The iconic lyric “When the Jester sang for the King [Elvis?] and Queen [Baez?] in a coat he borrowed from James Dean, in a voice that came from you and me” was long believed to be a reference to Bob Dylan as the jester in the Jimmy Dean-esque leather jacket that he wore on his 1963 album Freewheelin.’ Many of those elements seem to line up, but McLean officially denied that this was the case.

After an array of cultural references, personal tidbits, and jolting historical facts, McLean slows things down to conclude his tale of a nation that has lost its righteousness. The figurative church bells are broken, the streets bleak, hope is at a premium. As his voice softens, he nails the sense of defeat:

“And the three men I admired most

The Father, Son, and the Holy Ghost.

They caught the last train for the coast…

The day the music died.”

People still debate the identities of the “Father, Son, and the Holy Ghost.” Buddy Holly, Ritchie Valens, and The Big Bopper? John Kennedy, Robert Kennedy, and Martin Luther King?  Or is it God himself?

The notion of The Holy Trinity making a beeline for “The Coast” – sinful, phony-baloney Hollywood – is a spot-on symbol for America’s loss of innocence. And a perfect painful conclusion to this extraordinary song.

-Ellen Fagan

Fair use image of “American Pie”

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Ellen Fagan is a forever New Yorker, long-time Greenwich Village resident and vintage Duke University graduate with hippie-esque leanings. The best description of Ellen was given to her by a sardonic lawyer during the voir dire of one of her myriad Jury Duty stints: "...housewife, mom, voracious reader, freelance writer, copy editor, jewelry designer and frequent cyber-sleuth."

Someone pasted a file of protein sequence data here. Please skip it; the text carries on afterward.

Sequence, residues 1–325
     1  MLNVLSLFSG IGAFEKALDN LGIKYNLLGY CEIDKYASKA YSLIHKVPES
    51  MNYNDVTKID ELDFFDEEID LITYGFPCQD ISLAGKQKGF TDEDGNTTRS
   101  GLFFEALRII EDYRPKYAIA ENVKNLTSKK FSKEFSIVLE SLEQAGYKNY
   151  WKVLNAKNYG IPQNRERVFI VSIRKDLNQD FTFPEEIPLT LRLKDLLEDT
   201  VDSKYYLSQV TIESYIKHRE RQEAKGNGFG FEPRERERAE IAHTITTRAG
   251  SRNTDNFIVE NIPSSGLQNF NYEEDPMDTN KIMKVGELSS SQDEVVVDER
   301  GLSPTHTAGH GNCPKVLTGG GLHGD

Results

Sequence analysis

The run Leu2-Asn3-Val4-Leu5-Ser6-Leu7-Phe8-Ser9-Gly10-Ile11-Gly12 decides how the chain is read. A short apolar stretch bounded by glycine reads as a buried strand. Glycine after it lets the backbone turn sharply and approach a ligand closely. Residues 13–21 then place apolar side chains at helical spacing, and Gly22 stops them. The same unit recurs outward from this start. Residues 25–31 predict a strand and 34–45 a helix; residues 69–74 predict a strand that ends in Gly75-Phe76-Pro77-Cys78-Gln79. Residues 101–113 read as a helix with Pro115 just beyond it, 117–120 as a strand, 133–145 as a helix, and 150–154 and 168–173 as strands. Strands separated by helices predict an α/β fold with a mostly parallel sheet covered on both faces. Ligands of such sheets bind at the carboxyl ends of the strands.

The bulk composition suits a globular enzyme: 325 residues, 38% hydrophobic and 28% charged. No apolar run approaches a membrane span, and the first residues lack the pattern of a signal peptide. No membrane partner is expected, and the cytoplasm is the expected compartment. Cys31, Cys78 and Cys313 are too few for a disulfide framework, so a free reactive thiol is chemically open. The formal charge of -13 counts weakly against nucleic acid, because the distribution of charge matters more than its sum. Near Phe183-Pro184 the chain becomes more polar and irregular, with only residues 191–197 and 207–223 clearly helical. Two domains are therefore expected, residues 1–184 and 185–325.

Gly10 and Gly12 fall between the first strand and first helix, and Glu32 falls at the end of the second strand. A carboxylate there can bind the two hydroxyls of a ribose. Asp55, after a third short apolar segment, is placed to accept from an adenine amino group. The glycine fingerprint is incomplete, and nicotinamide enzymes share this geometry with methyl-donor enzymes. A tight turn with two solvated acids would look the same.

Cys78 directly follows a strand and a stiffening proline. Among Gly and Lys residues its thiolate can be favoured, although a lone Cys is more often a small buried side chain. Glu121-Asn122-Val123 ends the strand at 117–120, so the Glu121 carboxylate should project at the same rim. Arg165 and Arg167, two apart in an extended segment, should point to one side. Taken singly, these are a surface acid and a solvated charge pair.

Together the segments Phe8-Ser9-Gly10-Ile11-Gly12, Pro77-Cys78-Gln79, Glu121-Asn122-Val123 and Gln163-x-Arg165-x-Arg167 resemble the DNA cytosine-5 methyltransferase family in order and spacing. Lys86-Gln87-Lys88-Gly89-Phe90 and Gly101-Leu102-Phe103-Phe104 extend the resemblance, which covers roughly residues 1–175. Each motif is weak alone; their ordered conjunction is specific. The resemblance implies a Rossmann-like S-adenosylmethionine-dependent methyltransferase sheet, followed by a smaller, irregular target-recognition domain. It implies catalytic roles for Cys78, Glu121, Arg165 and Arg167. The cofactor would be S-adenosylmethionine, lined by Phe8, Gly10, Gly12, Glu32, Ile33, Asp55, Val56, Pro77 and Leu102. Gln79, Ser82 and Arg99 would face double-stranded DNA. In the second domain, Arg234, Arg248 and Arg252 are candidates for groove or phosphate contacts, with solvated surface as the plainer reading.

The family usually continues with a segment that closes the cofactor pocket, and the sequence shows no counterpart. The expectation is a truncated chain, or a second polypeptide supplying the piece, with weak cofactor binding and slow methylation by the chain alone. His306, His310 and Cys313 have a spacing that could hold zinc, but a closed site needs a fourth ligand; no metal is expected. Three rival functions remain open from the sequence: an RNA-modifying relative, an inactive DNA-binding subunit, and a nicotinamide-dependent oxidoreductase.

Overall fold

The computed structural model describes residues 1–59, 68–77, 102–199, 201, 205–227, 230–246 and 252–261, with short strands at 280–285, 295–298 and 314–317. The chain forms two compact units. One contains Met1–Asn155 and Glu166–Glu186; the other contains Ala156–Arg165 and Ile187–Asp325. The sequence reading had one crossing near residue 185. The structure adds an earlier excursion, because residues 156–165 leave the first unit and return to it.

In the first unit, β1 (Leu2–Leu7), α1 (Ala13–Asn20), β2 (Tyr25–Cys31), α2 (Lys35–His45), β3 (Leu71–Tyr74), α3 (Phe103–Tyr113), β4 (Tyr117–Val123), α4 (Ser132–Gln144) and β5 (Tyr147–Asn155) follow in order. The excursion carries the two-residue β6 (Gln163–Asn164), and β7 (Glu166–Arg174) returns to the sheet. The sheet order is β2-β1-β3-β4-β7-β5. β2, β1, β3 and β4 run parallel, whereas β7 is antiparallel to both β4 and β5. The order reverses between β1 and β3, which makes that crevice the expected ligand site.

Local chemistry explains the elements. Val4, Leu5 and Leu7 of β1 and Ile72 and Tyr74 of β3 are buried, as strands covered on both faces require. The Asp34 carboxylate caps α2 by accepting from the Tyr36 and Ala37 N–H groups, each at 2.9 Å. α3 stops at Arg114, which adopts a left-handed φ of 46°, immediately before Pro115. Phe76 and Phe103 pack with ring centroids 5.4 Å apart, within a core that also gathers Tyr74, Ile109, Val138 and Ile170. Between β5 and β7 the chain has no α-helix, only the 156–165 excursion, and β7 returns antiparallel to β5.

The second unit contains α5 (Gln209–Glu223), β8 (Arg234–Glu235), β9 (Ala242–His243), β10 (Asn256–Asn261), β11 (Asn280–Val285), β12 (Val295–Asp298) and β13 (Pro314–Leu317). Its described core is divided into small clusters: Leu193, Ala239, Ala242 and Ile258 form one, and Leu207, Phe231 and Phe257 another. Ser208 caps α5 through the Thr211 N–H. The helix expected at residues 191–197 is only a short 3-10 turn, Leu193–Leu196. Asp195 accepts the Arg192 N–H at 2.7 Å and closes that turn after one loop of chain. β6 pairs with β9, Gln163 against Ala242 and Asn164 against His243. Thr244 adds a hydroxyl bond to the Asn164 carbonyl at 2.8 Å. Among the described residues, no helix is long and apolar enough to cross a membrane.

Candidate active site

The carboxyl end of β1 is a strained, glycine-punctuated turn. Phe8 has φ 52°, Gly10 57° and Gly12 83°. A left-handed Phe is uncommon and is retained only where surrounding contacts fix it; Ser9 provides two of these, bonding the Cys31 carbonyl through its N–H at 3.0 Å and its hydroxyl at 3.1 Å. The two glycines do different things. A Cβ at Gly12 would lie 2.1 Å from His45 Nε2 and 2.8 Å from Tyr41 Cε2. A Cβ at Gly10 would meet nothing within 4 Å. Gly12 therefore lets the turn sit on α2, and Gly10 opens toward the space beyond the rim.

10 comments on “The Epic Track: “American Pie”

  1. Eoghan Lyng

    Nice one, Ellen.

    • Ellen C Fagan

      Thank you, good sir! “American Pie” is a real slice of my childhood. 🥧

  2. Ellen, once again, you’ve given us a thoughtful, engaging and nostalgic read! Funny to think that when we were grooving to this on the AM radio as kids, it was so rich with references! Well done!

    • Ellen Fagan

      Thanks so much, Laura! Agreed ~ I remember the lyrics being funny & compelling (“pink carnation & a pick-up truck”) but we had no context for them!

  3. My upcoming book about rock widows is titled I Can’t Remember if I Cried: Rock Widows on Life, Love and Legacy,” with that title taken from McLean’s iconic song. The full line and the attribution to Maria Elena Holly appears as the epigraph. It came to me one day while listening to the song that it is the perfect title for this book. Great article!

    • Ellen Fagan

      That’s amazing – & what an apt title indeed! All the very best with your book. I would love to read it. Completely in my wheelhouse!

  4. Dave Bartholome

    So glad that you didn’t mention Madonna’s pointless cover of the song. Anyway, good article; you’ve made me realize there’s more to this song than I had thought.

  5. Ellen Fagan

    Thanks so much, Dave! Glad to hear it. So many layers & levels to this classic tune.

  6. John Smistad

    Great job, Ellen.

    I remember as a Texas junior highschooler our very hip English teacher actually had the class write on what we believed “American Pie” was “about”. I wrote that the pie was our lives. And every day we take a piece out of it. Until it’s finished.

    I dunno. Not bad, I guess, for a 13-year-old upstart. ;}

    • Ellen Fagan

      Thanks so much, John! & kudos to your hip teacher & your 13 year-old soulful self. That’s a fabulous interpretation!